Jeff Snyder and Sam Pluta have been working together since 2006 as the duo exclusiveOR. With Snyder performing on analog synthesizer and Pluta on live electronics. Their work explores the intersection of composition and improvisation with live electronics. For “modules” the duo is joined by some of today’s leading creative musicians: Architeuthis Walks on Land (AWOL) which is Amy Cimini – viola and Katherine Young – bassoon, and members of ICE – Peter Evans, Nate Wooley – trumpets, Ryan Muncy – saxophones, Weston Olencki – trombone and Ross Karre – percussion.
“modules” was commissioned in 2014 by the International Contemporary Ensemble (ICE) as part of their ICELab Series. It is a concert length work that utilizes both improvisation and strictly notated material. The piece covers a lot of ground as it flows through its fifteen modules in which seemingly opposing materials (pitch, sound and noise) and methodologies (composition, improvisation and live electronics) seamlessly interact with one another to create a unified whole.
The fifteen “modules” are comprised of five composed by Pluta, five by Snyder and five improvisations from various small groupings of the ensemble. Each of these tracks or modules has its own distinct character, color and instrumentation. Pluta’s modules tend to be more aggressive and noisier, while Snyder’s are often more harmonically focused. The improvised sections are all sonically oriented and very original. Despite the contrasts within each module they really seem connected and many segments flow into one another in a conversational like manner.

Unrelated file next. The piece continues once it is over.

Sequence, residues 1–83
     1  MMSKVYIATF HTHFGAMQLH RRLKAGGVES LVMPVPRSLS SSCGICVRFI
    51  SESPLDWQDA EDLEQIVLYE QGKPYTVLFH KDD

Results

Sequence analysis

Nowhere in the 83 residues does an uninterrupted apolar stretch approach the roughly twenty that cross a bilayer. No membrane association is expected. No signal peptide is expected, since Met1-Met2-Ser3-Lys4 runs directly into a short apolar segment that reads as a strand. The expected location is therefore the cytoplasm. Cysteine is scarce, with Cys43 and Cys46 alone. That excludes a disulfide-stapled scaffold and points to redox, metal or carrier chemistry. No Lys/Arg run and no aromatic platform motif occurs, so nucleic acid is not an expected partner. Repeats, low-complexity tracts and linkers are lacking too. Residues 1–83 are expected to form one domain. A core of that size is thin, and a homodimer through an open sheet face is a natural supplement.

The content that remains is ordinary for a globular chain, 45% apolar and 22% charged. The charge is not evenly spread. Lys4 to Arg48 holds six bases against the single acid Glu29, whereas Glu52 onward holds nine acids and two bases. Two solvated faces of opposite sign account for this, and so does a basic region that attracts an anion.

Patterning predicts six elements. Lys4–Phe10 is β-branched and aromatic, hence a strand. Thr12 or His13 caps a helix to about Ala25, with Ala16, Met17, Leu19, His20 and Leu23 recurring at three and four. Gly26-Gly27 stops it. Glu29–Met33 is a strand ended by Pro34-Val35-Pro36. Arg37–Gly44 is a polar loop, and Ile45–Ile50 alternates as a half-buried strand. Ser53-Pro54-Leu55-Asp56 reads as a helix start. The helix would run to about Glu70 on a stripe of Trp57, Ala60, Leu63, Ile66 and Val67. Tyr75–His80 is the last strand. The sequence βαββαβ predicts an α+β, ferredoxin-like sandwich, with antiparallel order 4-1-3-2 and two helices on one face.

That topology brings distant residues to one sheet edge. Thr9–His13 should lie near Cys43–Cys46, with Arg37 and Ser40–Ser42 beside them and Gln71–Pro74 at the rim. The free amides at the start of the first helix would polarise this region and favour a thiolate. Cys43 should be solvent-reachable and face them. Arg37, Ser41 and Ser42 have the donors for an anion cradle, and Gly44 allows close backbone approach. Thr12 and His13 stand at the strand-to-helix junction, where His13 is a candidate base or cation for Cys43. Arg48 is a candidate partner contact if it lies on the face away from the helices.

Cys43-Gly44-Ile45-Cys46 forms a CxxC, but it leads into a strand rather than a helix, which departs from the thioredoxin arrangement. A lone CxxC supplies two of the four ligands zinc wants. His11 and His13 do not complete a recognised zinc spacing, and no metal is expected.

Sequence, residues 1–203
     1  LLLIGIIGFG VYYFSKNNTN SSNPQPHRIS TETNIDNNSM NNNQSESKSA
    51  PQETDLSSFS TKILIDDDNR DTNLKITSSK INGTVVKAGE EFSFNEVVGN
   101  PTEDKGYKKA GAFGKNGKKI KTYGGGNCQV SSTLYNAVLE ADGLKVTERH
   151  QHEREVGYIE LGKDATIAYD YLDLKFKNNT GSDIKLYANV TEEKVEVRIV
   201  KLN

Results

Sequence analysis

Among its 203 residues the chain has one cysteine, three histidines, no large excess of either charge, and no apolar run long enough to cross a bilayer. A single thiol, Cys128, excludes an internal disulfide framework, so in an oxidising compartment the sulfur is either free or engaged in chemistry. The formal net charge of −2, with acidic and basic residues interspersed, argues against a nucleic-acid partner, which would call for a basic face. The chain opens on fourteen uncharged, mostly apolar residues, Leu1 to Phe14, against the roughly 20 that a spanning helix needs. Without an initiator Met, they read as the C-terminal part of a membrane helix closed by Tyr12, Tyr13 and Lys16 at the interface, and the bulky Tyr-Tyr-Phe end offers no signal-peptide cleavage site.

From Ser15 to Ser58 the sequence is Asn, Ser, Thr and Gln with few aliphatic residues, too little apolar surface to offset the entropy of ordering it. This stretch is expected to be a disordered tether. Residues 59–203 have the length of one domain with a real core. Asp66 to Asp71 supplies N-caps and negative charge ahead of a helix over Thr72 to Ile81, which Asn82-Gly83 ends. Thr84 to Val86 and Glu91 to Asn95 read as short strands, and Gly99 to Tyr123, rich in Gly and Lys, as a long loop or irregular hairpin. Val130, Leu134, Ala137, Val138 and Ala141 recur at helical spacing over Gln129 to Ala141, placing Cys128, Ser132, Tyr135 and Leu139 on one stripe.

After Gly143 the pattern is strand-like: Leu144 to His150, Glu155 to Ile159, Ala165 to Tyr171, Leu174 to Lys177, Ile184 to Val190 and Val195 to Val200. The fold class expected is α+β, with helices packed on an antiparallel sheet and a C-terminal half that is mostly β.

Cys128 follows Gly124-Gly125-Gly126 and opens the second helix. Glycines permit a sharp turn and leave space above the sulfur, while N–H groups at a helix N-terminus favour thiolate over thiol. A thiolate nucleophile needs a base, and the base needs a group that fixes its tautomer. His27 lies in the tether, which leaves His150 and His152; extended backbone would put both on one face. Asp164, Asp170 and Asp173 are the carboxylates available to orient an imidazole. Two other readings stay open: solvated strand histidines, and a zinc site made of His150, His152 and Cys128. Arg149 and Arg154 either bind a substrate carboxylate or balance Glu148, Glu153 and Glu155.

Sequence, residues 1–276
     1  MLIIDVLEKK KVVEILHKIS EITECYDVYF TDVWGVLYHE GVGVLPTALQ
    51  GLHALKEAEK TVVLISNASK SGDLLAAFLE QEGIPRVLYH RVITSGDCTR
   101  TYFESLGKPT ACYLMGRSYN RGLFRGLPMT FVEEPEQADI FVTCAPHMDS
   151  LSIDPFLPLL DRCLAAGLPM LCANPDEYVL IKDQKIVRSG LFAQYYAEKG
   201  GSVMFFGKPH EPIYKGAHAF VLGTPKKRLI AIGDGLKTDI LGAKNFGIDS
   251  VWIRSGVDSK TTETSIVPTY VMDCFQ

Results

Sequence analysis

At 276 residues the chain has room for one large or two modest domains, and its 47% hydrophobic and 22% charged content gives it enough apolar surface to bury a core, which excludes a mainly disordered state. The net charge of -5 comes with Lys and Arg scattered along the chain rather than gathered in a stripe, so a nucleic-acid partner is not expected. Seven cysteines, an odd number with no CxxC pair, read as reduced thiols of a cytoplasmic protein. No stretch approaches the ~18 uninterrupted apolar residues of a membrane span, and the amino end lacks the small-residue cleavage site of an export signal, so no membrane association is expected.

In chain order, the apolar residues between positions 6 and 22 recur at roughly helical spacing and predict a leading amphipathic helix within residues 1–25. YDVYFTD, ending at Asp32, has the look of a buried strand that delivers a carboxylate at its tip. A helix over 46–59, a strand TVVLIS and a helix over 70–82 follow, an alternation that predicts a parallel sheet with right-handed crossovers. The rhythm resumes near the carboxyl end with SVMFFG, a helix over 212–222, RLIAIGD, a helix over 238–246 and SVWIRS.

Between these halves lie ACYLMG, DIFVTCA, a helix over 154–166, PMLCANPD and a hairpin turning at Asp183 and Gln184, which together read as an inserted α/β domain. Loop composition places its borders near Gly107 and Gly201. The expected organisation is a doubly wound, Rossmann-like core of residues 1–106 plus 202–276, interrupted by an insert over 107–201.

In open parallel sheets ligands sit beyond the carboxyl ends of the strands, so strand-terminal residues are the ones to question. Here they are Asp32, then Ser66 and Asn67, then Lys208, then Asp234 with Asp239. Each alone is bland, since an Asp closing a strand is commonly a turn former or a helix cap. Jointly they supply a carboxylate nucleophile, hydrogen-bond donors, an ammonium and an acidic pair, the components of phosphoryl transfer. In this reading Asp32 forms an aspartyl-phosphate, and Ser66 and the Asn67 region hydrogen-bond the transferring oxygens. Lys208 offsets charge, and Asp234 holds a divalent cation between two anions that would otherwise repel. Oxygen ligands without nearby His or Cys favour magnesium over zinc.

Here is an earlier performance with brass quartet, analog synthesizer, live electronics, and percussion. It’s interesting to hear both of these versions because it makes clear the significant contributions that improvisers can bring to pieces like “modules”.
For those that need some kind of categorization I would put “modules” under the banner of “creative music”; in that the sound worlds that the composers and improvisers create, freely explore many different contemporary and historical musical ideas without any allegiance or deference to any of the “school’s” associated with these ideas. This is a trend that has been growing for quite some time and I think the composers and improvisers on “modules” are among the best of a new generation of musicians continuing this exploration.
Chris De Chiara